Well, that didn’t work. My pickled cabbage tastes great, but the stench it emits is such that I’m afraid to try the pickle juice. The kombucha was a lost cause. I let my second attempt (the effort to fix the first attempt) sit too long and wound up with a giant SCOBY and a liquid that smelled like nail polish remover. Nope, nope, nope. I threw the whole thing out and started over last weekend with a bottle of store-bought kombucha and some sweet tea. The new SCOBY is forming now, as the wisdom of the internet foretold.
This time I think I’ll keep the cabbage and the kombucha away from each other. The internet tells me that’s a good idea.
(Did I say I was using my work phone as a stop-gap until my “new” phone shows up? Ha ha ha ha ha nope. That was before it decided to download a new operating system and never finished. So much for that. Now using Mouse’s rejected iPhone 4.)
Some middle-aged ladies take up running marathons. Some get tattoos. Me, I’ve been learning to make Russian-style sauerkraut (selyonnaya kapusta) and kombucha. I failed at water kefir and half-sour pickles before that. The kapusta is reliably good, plus the juice is a fantastic stomach-settler.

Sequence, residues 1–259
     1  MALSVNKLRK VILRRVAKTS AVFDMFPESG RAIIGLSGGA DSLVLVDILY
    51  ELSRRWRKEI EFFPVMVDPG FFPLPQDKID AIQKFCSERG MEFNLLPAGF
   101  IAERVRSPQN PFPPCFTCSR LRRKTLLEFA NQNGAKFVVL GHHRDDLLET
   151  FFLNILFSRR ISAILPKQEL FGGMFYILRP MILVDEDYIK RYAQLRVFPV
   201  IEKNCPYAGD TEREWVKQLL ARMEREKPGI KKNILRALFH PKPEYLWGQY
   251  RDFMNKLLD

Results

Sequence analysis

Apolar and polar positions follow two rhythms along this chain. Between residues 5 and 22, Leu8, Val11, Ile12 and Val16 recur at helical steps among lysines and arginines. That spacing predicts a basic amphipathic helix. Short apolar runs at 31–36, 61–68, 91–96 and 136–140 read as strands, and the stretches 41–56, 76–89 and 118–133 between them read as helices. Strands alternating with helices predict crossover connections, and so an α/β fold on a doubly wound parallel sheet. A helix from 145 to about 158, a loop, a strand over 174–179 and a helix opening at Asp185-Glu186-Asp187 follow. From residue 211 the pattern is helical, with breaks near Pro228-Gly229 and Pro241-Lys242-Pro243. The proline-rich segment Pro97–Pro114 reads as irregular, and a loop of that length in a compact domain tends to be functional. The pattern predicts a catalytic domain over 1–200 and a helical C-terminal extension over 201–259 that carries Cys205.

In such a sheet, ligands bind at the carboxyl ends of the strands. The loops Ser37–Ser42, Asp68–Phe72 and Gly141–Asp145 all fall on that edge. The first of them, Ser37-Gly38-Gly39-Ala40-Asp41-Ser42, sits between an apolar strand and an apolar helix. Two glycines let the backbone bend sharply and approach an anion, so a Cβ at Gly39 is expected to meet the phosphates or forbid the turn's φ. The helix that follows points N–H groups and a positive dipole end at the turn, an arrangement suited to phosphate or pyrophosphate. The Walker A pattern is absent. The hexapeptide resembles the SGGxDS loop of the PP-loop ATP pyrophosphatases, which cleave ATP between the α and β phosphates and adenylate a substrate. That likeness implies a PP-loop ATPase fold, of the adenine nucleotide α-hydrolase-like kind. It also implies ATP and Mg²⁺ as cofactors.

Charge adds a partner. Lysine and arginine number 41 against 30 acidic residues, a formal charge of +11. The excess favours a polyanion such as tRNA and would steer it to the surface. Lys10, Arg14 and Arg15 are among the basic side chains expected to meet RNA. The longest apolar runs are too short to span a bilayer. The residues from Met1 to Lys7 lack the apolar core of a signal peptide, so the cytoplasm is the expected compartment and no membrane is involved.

(Yeah, I’m drinking sauerkraut juice. It’s kind of fizzy, actually, so maybe I should call it a sauerkraut spritzer. I wish they sold this crap in the store because it really is magic.)
I followed some instructions I found online for growing a SCOBY and making kombucha. I let the first batch of kombucha ferment too long and got fizzy vinegar. Half of it I used to marinate chicken on Sunday. The other half I am trying to fix with fruit juice and more tea. I grew a SCOBY from a bottle of the store-bought stuff. The SCOBY totally fascinates me. It reminds me of when I saw the placenta after Soldatik was born, only smaller and, you know, not a body part. It’s intriguingly repulsive.